• Live seminars, consulting, and reviews available. See www.MindView.net

Download seven free sample chapters from Thinking in Java, Fourth Edition. Visit http://mindview.net/Books/TIJ4.

 

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Specificații

ISBN-13: 9780131872486
ISBN-10: 0131872486
Pagini: 1482
Dimensiuni: 175 x 234 x 43 mm
Greutate: 1.90 kg
Ediția: Nouă
Editura: Prentice Hall PTR
Locul publicării: Upper Saddle River, United States

Cuprins

Preface 1
Introduction 13
Prerequisites 14
Learning Java 14
Goals 15
Teaching from this book 16
JDK HTML documentation 17
Exercises 17
Foundations for Java 18
Source code 18
Errors 21
Introduction to Objects 23 The progress of abstraction 24
An object has an interface 26
An object provides services 29
The hidden implementation 30
Reusing the implementation 32
Inheritance 33
Interchangeable objects with polymorphism 38
The singly rooted hierarchy 43
Containers 44
Object creation & lifetime 46
Exception handling: dealing with errors 49
Concurrent programming 50
Java and the Internet 51
Summary 60
Everything Is an Object 61 You manipulate objects with references 61
You must create all the objects 63
You never need to destroy an object 67
Creating new data types: class 69
Methods, arguments, and return values 72
Building a Java program 74
Your first Java program 78
Comments and embedded documentation 81
Coding style 88
Summary 89
Exercises 89
Operators 93 Simpler print statements 93
Using Java operators 94
Precedence 95
Assignment 95
Mathematical operators 98
Auto increment and decrement 101
Relational operators 103
Logical operators 105
Literals 108
Bitwise operators 111
Shift operators 112
Ternary if-else operator 116
String operator + and += 118
Common pitfalls when using operators 119
Casting operators 120
Java has no “sizeof” 122
A compendium of operators 123
Summary 133
Controlling Execution 135 true and false 135
if-else 135
Iteration 137
Foreach syntax 140
return 143
break and continue 144
The infamous “goto” 146
switch 151
Summary 154
Initialization & Cleanup 155 Guaranteed initialization with the constructor 155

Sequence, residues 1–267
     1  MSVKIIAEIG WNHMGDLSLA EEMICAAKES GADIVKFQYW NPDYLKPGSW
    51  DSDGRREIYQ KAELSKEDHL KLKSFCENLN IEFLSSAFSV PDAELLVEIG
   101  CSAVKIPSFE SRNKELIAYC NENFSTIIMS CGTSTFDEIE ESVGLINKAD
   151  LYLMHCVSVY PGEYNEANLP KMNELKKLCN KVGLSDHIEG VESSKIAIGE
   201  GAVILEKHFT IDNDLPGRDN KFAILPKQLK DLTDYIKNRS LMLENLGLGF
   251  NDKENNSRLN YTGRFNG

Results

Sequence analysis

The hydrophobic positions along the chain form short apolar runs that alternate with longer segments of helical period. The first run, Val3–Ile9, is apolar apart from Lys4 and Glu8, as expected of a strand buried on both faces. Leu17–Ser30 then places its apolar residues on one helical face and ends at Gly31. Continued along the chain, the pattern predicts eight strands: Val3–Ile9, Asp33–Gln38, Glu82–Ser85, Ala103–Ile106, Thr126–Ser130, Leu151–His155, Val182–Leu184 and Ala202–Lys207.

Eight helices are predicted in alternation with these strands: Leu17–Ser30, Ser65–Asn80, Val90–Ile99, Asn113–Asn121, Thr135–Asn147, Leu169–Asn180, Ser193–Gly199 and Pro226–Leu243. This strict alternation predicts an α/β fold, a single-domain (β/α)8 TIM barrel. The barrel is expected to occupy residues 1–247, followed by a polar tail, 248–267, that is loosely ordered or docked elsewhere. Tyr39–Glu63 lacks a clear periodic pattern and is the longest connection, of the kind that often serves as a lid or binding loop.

Method overloading 158
Default constructors 166
The this keyword 167
Cleanup: finalization and garbage collection 173
Member initialization 181
Constructor initialization 185
Array initialization 193
Enumerated types 204
Summary 207
Access Control 209 package: the library unit 210
Java access specifiers 221
Interface and implementation 228
Class access 229
Summary 233
Reusing Classes 237 Composition syntax 237
Inheritance syntax 241
Delegation 246
Combining composition and inheritance 249
Choosing composition vs. inheritance 256
protected 258
Upcasting 260
The final keyword 262
Initialization and class loading 272
Summary 274
Polymorphism 277 Upcasting revisited 278
The twist 281
Constructors and polymorphism 293
Covariant return types 303
Designing with inheritance 304
Summary 310
Interfaces 311 Abstract classes and methods 311
Interfaces 316
Complete decoupling 320
“Multiple in heritance” in Java 326
Extending an interface with inheritance 329
Adapting to an interface 331
Fields in interfaces 335
Nesting interfaces 336
Interfaces and factories 339
Summary 343
Inner Classes 345 Creating inner classes 345
The link to the outer class 347
Using .this and .new 350
Inner classes and upcasting 352
Inner classes in methods and scopes 354
Anonymous inner classes 356
Nested classes 364
Why inner classes? 369
Inheriting from inner classes 382
Can inner classes be overridden? 383
Local inner classes 385
Inner-class identifiers 387
Summary 388
Holding Your Objects 389 Generics and type-safe containers 390
Basic concepts 394
Adding groups of elements 396
Printing containers 398
List 401
Iterator 406
LinkedList 410
Stack 412
Set 415
Map 419
Queue 423
Collection vs. Iterator 427
Foreach and iterators 431
Summary 437
Error Handling with Exceptions 443 Concepts 444
Basic exceptions 445
Catching an exception 447
Creating your own exceptions 449
The exception specification 457
Catching any exception 458
Standard Java exceptions 468
Performing cleanup with finally 471
Exception restrictions 479
Constructors 483
Exception matching 489
Alternative approaches 490
Exception guidelines 500
Summary 501
Strings 503 Immutable Strings 503
Overloading &8216;+’ vs. StringBuilder 504
Unintended recursion 509
Operations on Strings 511
Formatting output 514
Regular expressions 523
Scanning input 546
StringTokenizer 551
Summary 552
Type Information 553 The need for RTTI 553
The Class object 556
Checking before a cast 569
Registered factories 582